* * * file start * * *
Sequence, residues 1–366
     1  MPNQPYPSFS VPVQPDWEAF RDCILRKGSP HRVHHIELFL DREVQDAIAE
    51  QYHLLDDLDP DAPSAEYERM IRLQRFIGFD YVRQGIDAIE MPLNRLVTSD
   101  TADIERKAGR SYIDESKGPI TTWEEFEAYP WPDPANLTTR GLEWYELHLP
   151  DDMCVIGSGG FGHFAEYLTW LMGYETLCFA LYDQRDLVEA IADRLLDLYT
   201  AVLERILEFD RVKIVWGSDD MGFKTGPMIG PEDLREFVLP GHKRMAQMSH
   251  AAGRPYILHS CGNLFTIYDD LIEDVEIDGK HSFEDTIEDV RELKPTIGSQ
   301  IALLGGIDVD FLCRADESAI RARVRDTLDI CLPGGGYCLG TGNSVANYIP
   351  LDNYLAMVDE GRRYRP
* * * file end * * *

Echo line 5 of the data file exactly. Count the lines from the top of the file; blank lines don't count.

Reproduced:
   151  DDMCVIGSGG FGHFAEYLTW LMGYETLCFA LYDQRDLVEA IADRLLDLYT